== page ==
We all have preconceptions about what vulnerability looks like – whether it is someone with mental or physical disabilities, the elderly and frail or the young. In fact, we all have the potential to become vulnerable – vulnerability can affect anyone.
The FCA define a vulnerable customer as
“someone who, due to their personal circumstances, is especially susceptible to detriment, particularly when a firm is not acting with appropriate care.”[link]
Vulnerability can come in range of guises. It is usually a result of personal circumstances that lead to an individual requiring additional support to achieve a fair outcome. Vulnerabilities can be short-term, long-term, or permanent. They can even be intermittent, so that support is needed at some times, but not at others.
In its latest guidance consultation paper, the FCA has identified four key drivers which it believes may increase the risk of consumer vulnerability. These are:
- Health –conditions or illnesses that affect someone’s ability to carry out day-to-day tasks.
- Life events – bereavement, job loss or relationship breakdown.
- Resilience – low ability to withstand financial or emotional shocks.
- Capability – low knowledge of financial matters or low confidence in managing money (financial capability). Low capability in other areas such as literacy, language, or digital skills.[link]
These are factors which have affected more people than ever during the COVID-19 crisis and are likely to touch even more we emerge from lockdown into an uncertain economic climate. It therefore unsurprising that we have seen, and will continue to see, a significant increase of friends, family members, colleagues and consumers who need additional support. Indeed, whilst the FCA Our Financial Lives 2020 survey in February 2020 found that 46% of UK adults (24.1 million people) had characteristics of vulnerability. By October 2020, their Covid-19 panel survey indicated this had increased to 53%, highlighting that there were many more people who found themselves at greater risk of harm due to the pandemic and its effects.
Whether a customer is vulnerable, or not, must be assessed on a case-by-case basis and this assessment must consider the key factors which may make them susceptible to unfair customer outcomes. Outlined below are the factors the FCA have identified as potential driver for vulnerability:
|Inadequate (outgoings exceed income) or erratic income
|Low knowledge or confidence in managing finances
|Severe or long term illness
|Poor literacy or numeracy skills
|Hearing or visual impairment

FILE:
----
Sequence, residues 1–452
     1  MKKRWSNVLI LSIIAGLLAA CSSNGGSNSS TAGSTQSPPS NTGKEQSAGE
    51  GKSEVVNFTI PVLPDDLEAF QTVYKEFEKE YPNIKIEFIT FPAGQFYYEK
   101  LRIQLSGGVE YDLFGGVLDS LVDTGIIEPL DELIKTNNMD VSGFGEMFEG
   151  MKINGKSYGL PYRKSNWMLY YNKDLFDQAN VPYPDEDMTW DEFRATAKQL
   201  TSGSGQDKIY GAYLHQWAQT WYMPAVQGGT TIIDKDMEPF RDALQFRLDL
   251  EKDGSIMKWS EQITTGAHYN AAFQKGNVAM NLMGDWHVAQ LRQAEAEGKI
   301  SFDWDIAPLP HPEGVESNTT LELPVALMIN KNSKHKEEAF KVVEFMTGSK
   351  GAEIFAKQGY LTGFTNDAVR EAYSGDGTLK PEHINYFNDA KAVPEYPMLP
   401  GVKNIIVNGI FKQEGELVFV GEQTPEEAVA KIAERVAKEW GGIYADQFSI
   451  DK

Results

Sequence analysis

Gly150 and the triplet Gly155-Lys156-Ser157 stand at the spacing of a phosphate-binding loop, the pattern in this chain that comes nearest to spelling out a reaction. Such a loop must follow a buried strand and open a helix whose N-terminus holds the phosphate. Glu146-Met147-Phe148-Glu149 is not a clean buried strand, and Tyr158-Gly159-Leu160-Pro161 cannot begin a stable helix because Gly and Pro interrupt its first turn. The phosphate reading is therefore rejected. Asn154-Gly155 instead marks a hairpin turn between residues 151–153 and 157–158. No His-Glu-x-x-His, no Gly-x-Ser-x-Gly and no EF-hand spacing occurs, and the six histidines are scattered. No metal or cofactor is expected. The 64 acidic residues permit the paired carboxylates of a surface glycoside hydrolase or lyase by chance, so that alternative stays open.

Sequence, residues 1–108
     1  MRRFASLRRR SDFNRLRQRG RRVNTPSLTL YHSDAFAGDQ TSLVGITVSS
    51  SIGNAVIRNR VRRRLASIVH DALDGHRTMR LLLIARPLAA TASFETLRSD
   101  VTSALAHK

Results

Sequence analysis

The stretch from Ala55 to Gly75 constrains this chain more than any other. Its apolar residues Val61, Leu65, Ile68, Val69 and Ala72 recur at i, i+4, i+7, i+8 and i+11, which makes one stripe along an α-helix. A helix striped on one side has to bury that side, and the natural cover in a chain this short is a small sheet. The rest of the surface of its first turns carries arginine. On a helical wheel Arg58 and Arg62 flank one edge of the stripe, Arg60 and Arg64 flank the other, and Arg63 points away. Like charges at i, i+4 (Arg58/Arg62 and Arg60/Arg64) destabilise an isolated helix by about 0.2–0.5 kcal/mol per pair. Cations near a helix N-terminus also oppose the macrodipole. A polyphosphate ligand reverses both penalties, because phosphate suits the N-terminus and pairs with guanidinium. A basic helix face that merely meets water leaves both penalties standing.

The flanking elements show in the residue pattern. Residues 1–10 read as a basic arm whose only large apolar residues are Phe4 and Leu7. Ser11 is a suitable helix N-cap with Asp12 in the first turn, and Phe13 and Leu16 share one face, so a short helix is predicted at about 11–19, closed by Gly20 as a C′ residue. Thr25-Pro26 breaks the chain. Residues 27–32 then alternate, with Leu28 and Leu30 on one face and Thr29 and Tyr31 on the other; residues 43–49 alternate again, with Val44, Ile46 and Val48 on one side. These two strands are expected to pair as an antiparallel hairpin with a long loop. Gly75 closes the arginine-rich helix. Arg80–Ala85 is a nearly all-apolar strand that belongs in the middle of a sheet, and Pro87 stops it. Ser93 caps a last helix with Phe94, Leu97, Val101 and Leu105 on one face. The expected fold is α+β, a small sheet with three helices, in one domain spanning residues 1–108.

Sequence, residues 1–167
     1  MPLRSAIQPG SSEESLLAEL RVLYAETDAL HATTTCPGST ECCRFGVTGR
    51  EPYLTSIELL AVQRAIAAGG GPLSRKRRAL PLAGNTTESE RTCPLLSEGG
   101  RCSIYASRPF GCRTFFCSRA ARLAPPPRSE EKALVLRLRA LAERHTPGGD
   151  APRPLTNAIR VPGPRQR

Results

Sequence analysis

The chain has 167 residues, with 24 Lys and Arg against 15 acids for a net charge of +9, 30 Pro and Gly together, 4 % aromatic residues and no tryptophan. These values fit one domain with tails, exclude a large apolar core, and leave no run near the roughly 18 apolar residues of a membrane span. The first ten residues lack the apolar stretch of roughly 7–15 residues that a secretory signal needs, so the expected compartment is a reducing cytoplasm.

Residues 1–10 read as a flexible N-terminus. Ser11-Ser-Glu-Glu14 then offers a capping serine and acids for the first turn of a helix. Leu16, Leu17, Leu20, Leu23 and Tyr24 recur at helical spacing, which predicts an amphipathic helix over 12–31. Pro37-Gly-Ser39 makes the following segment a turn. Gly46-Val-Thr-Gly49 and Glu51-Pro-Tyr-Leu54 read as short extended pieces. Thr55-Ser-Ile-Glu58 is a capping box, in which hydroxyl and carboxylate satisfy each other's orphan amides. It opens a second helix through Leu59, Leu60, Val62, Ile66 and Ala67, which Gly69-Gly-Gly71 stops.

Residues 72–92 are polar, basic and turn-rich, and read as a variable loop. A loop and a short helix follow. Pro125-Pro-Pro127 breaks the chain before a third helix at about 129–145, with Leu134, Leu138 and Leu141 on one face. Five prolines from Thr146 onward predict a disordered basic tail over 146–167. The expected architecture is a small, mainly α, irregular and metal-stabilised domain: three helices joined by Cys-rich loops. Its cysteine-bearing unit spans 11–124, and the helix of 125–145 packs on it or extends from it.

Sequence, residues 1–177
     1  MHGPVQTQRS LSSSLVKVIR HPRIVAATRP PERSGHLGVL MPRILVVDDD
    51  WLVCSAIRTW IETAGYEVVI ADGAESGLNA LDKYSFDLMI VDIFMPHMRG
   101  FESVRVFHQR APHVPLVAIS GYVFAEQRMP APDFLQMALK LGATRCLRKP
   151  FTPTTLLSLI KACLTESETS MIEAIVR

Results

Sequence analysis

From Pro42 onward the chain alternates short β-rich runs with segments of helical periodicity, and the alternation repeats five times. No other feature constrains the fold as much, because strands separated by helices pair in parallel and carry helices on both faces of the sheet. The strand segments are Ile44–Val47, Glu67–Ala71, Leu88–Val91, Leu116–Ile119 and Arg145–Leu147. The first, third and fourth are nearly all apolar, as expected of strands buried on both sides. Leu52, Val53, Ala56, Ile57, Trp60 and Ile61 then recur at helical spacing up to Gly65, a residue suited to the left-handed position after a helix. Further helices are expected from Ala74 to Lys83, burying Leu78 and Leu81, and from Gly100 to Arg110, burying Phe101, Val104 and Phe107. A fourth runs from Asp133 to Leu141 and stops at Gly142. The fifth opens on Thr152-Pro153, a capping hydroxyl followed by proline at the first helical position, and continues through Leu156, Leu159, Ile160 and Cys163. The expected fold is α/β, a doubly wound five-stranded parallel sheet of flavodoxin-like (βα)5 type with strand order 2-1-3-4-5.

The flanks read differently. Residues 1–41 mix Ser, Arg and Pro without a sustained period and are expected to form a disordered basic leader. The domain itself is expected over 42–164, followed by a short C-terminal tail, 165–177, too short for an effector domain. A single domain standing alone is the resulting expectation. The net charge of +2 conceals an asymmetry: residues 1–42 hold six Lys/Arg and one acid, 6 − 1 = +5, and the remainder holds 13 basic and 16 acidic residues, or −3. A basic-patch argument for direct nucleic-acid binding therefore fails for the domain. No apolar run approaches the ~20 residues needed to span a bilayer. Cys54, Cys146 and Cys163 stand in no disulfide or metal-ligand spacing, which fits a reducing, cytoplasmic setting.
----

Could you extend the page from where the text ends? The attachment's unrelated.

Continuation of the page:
|Poor English language skills
|Mental health condition or disability
|low emotional resilience
|Poor on non existant digital skills
|Domestic Abuse (including economic abuse)
|Low mental capacity or cognitive disability
|Low or no access to help and support
|Other circumstances that affect people’s experience of financial services eg, leaving care, migration or seeking asylum, human trafficking or modern slavery, convictions
The Barratt Smith Brown Customer Vulnerability and Debt Collection series of articles takes an in depth look the issue of customer vulnerability and debt collection to help debt collection teams:
- Ensure their staff have the right skills to recognise and respond to the needs of their vulnerable customers
- Have established processes to ensure vulnerable customer needs are met.
- Implement their customer vulnerability strategy across the business and then monitor and assess whether they are meeting and responding to the needs of customers with characteristics of vulnerability, and make improvements where this is not happening
Part 3: How to Identify Vulnerable Customers will be available from 4 November or you can Download the full series now.
Author: Ashley Barratt – CEO Barratt Smith Brown
Leicester based Barratt Smith Brown, has established a strong reputation for providing market-leading debt collection support to the utilities sector. Leveraging CEO Ashley Barratt’s 15 years of experience at Centrica, they have not only provided outsourced support to key industry players such as Business Stream, Bristol Energy and Shell, but have taken a lead role in managing collections for UK energy administration collections – handing over 75% of energy administration cases since 2018. Their expertise in energy administrations led to their key role in helping The Citizen’s Advice Bureau develop their Supplier of Last Resort – Good Practice Guide.